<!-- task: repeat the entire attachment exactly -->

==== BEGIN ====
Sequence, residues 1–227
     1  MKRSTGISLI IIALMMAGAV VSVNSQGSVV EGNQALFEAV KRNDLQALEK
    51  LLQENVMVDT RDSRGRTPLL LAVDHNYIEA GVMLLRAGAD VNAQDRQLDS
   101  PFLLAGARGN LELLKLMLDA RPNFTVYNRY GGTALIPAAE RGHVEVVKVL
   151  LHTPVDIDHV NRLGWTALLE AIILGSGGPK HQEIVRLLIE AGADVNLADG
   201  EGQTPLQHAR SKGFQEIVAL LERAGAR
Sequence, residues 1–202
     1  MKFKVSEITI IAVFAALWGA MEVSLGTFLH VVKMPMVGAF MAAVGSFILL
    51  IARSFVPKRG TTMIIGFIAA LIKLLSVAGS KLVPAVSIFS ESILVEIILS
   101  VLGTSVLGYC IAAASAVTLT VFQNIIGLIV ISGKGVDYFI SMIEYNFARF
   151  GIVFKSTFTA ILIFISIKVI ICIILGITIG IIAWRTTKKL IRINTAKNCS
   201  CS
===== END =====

Sequence, residues 1–227
     1  MKRSTGISLI IIALMMAGAV VSVNSQGSVV EGNQALFEAV KRNDLQALEK
    51  LLQENVMVDT RDSRGRTPLL LAVDHNYIEA GVMLLRAGAD VNAQDRQLDS
   101  PFLLAGARGN LELLKLMLDA RPNFTVYNRY GGTALIPAAE RGHVEVVKVL
   151  LHTPVDIDHV NRLGWTALLE AIILGSGGPK HQEIVRLLIE AGADVNLADG
   201  EGQTPLQHAR SKGFQEIVAL LERAGAR
Sequence, residues 1–202
     1  MKFKVSEITI IAVFAALWGA MEVSLGTFLH VVKMPMVGAF MAAVGSFILL
    51  IARSFVPKRG TTMIIGFIAA LIKLLSVAGS KLVPAVSIFS ESILVEIILS
   101  VLGTSVLGYC IAAASAVTLT VFQNIIGLIV ISGKGVDYFI SMIEYNFARF
   151  GIVFKSTFTA ILIFISIKVI ICIILGITIG IIAWRTTKKL IRINTAKNCS
   201  CS